The end of July is just around the corner, which means that Otakon is right on the horizon. Don’t miss your chance to come down to the Baltimore Convention Center for a beautifully air conditioned otaku gathering. Speaking of anime, this week we have a rather atypical selection. This week, we cover Azura’s Wrath.
The decision to review this was a back and forth battle which ultimately won out with doing the review, obviously. Asura’s Wrath is however ultimately a video game, and not the norm for reviews by this examiner. The one thing that makes Asura’s Wrath stand apart though and worthy of review is that the game plays out like an interactive anime.
[Synopsis of game] Long ago in the realm of Shinkoku, eight deities known as “The Eight Guardian Generals” battled to protect civilization from a destructive force known only as Gohma. Asura was one of the most prominent of this group. During the victory celebration, the Emperor of Shinkoku was assassinated in a sinister plot and the blame was placed on Asura. In the middle of the commotion, Asura’s wife was also murdered and his daughter kidnapped. With even his brother-in-law and rival Yasha turning against him, Asura was banished from Shinkoku. Awoken by a voice after 12,000 years, Asura vows revenge on all those who have betrayed him.
Now what makes Asura’s Wrath stand in this anime and manga review is the fact that this video game plays out like an anime. That’s might sound strange, but it’s true. There are eighteen individual chapters that play out like episodes, not counting the bonus DLC. On top of that, at the end of each chapter, there’s a prelude to the following chapter. Not to mention that there are variable smorgasbords of cut scenes that make you’d think this was an anime if not for all the button mashing. The story and the animation are nothing short of beautiful. The world is painted as this blend of religion (Hinduism) and science, which is portrayed very well, visually and literally. The graphics lend to add to the awesomeness of the game/anime as you often quite literally smash and RAGE your way through levels crushing whatever’s in your path while ruining one of the buttons on your game controller.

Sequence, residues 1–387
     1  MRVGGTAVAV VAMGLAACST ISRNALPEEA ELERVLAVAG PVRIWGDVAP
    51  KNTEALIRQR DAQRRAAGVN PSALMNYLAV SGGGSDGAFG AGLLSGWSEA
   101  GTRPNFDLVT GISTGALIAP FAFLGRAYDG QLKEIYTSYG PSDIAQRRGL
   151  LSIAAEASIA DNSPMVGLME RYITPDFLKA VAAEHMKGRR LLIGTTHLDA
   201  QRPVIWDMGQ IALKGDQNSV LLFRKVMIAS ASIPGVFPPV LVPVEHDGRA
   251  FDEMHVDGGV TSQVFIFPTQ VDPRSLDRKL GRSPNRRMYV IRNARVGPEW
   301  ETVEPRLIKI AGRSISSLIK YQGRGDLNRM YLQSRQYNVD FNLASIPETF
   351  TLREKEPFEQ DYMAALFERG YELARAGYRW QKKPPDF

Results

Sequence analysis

Obviously, the story follows Asura, and while it may not be the “true to fact” Asura from Buddism and Hinduism, he’s still pretty amazing. His wrath after his betrayal is something akin to Kratos from the God of War series with a bit of Super Saiyin Goku thrown in there just to keep it spicy. In following his story, he dies (a few times) and you watch him climb back up and look at a changed world each time. What makes the story interesting are some of the plot devices employed, and definitely the humor. The villains’ reasoning for doing what they’ve done makes you realize that perhaps there’s something deeper here. But of course, you don’t reach the end of it so easily. Asura’s Wrath does a good job of doing a plot twist in a non-obnoxious fashion. Like all animes and mangas (or so is hoped), you eventually learn that there is more to Asura than just this undying and bottomless pit of rage he has. It is what dug into his story as you find not only an appeasement to his anger, but who he points it at.
Switching it up, looking at Asura’s Wrath from a gamer’s perspective; it’s somewhat hard to classify what the game is. There are a lot of cut scenes and sometimes, little gameplay. Even when you do get lots of gameplay, there are several different kinds of it all rolled into one: quick time events, shooter, action, etc. At times, it can be hard to gauge Asura’s Wrath as a game, but more of an anime where you get to do stuff in it. That said, the gameplay and what not is enjoyable. However, another of the downsides to this logic is that no matter how good or how bad you perform or if you miss a quick time event, it has no impact on the story. The only thing that’s affected is your end of the chapter score. As someone investing time into something, it would be great to know that even if the story is leading to a single point, that what you do matters. There is also the shortcoming of the fact that Asura’s Wrath is short, like six to seven hours short. However, one of the redeeming qualities of the game are the boss fights. While interweaved with the storytelling, they are very fun even when Asura takes all those hits to the face.
All in all, Asura’s Wrath would make a great anime if it wasn’t a game. At the current price, the shortcoming of the short gameplay is balanced out and it is very fun to watch. If you’ve ever had the drive to feel very much a part of an anime that you’re watching, definitely pick up Asura’s Wrath and let the rage flow. Till next time all.